There may be occasions where you would like to change the way a Joomla! Extension (such as a Component or Module, whether from the Joomla! core or produced by a third party) is displayed on your site. Of course, you could recode the Extension from scratch, but that may be a bit ambitious for you! Thankfully, there is another way.

The standard output from any Joomla! Module or Component can be overridden by adding code to the html directory of your template. It is also possible to override two aspects of core functionality: Module chrome, and pagination.

Getting a head-start with overrides

If you are new to Joomla! development, then it is probably easiest to start with an existing view, and try modifying it to get what you want. To do this, you should make a copy of the existing view in the html directory of your template, and then modify the copy.

The directory structure you need is:

TEMPLATE_NAME/html/EXTENSION_NAME/VIEW_NAME/FILE_NAME.php

For example, if you want to change the way that the 'Article' view displays a com_content article, then you should copy the file at

PATH_TO_JOOMLA/components/com_content/views/article/tmpl/default.php
to
TEMPLATE_NAME/html/com_content/article/default.php

(note the slight difference in directory structure)

Similarly, if you want to change how the mod_login Module is displayed, then you should copy

PATH_TO_JOOMLA/modules/mod_login/tmpl/default.php
to
TEMPLATE_NAME/html/mod_login/default.php


Joomla! comes pre-packaged with a frontend template called Beez. Beez utilizes template overrides to produce a table-less layout for faster, smoother, and semantically correct markup. To see how it's done, locate your Joomla! installation's template directory, and you'll notice the Beez template. Inside the Beez template directory, you'll find a directory named html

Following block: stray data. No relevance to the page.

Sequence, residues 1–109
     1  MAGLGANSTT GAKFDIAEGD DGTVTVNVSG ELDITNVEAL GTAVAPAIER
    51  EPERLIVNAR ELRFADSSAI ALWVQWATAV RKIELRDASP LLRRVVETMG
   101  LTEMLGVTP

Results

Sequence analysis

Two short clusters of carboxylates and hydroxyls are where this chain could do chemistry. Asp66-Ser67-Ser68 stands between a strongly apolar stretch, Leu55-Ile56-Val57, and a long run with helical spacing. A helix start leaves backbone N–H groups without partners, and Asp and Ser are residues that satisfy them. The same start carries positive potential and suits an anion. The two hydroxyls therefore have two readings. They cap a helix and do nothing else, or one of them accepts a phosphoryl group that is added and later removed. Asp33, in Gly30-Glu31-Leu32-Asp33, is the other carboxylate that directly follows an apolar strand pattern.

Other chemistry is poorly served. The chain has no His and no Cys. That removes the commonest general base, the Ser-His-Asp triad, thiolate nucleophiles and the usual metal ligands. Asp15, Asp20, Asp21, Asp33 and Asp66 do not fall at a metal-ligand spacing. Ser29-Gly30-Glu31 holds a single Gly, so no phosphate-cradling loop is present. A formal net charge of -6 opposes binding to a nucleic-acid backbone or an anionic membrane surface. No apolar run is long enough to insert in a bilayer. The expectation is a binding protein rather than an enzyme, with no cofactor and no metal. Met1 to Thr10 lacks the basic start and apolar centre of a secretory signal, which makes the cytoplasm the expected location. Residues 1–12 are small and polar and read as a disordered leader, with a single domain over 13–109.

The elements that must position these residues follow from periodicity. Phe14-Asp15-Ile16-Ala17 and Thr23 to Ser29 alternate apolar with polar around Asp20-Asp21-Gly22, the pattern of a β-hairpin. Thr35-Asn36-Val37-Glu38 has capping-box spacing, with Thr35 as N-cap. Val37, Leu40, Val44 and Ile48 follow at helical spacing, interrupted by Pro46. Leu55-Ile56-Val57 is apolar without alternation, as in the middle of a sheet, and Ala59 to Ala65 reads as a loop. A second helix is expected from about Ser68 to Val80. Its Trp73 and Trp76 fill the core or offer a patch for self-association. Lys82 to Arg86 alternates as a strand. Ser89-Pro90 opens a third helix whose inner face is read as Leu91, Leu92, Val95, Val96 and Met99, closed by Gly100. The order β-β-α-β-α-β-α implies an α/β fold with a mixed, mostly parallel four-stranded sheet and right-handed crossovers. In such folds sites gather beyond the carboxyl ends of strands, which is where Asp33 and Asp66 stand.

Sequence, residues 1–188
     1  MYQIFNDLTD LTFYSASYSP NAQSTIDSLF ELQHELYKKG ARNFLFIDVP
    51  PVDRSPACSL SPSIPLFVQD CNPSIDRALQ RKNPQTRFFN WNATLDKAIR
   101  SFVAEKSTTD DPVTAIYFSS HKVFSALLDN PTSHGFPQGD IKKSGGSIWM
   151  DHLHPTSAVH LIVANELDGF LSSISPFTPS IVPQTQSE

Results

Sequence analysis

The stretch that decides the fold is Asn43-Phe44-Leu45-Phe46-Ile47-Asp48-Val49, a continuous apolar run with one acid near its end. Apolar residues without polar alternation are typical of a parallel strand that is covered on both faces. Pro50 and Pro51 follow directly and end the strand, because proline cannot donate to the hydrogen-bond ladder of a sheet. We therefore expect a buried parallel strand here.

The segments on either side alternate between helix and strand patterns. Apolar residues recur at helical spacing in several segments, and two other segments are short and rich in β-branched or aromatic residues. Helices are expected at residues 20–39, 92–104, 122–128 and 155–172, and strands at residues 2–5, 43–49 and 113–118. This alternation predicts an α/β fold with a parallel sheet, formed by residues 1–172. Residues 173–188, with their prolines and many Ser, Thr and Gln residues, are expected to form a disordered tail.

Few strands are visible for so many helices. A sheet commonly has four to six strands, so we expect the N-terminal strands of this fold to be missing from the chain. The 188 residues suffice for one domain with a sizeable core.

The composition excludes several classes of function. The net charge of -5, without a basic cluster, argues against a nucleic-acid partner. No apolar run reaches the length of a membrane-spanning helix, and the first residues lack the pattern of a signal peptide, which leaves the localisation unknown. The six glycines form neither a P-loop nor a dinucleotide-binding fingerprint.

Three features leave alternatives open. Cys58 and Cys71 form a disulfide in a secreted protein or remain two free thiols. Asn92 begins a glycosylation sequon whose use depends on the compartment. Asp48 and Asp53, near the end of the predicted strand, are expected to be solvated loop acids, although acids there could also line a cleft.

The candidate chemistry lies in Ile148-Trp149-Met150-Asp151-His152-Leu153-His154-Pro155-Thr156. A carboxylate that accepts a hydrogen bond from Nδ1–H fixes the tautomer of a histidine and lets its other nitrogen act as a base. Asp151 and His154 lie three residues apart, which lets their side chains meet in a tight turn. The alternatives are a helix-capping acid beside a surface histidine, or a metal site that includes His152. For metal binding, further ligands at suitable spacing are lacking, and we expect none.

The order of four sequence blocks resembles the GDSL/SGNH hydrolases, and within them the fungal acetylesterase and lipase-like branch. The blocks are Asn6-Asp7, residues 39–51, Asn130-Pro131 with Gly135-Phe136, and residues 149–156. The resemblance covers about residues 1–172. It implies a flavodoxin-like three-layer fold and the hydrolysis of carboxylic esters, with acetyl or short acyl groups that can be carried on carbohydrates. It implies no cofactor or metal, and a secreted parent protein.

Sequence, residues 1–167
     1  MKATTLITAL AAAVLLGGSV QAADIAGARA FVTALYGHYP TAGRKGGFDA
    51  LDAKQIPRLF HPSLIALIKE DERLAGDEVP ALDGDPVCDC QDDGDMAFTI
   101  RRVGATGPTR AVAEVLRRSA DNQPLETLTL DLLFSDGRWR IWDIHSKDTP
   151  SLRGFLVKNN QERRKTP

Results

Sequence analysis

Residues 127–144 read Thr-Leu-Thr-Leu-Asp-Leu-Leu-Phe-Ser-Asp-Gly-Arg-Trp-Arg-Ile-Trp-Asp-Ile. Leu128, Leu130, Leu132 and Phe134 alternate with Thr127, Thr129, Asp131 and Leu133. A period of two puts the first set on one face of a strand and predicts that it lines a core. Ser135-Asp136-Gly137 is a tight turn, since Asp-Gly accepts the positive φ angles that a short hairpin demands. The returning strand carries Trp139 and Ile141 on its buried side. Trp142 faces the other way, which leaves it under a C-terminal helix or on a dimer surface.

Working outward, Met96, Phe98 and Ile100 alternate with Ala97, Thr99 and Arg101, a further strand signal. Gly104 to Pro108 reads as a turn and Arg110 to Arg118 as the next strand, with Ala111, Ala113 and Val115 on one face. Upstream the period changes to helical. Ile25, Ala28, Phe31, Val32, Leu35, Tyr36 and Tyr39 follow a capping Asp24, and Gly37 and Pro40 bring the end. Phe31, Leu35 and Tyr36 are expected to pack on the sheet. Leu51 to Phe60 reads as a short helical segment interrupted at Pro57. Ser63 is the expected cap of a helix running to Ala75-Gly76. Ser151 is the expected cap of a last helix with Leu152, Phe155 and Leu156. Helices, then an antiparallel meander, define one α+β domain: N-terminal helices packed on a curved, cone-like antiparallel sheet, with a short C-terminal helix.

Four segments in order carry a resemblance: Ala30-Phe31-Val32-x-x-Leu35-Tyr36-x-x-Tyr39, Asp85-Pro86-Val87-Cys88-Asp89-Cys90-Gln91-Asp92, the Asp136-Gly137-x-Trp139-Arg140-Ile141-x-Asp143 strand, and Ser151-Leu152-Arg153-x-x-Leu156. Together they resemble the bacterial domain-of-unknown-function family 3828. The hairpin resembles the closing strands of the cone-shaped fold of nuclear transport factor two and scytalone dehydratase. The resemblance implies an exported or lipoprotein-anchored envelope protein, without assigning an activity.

the entire directory structure is as follows:

/your_joomla/templates/Beez/html/

If you want to try modifying the overrides used in Beez, you could simply copy and paste the Beez html directory into your own template's main directory. However you choose to make your override files, you will need to ensure that they are correctly installed with your template. To do this, you should add the following code to your template's templateDetails.xml file (in between the <files> and </files> tags):

<folder>html</folder>

The above code in essence lets the Joomla! package installer know that there are files to extract, and that they are part of the template as a whole.

Further tips

Template overrides are almost limitless. They allow you to add, edit, and remove the components of the Joomla! core output. Note: For the FireFox web browser, an extension called Firebug is available, which is useful for browsing a page's HTML source and matching it up with the PHP code used in template overrides. For more information, please watch the free video tutorial on using Firebug with Joomla. Now firebug is also available for IE called Firebug Lite.

More information is available from the following resources: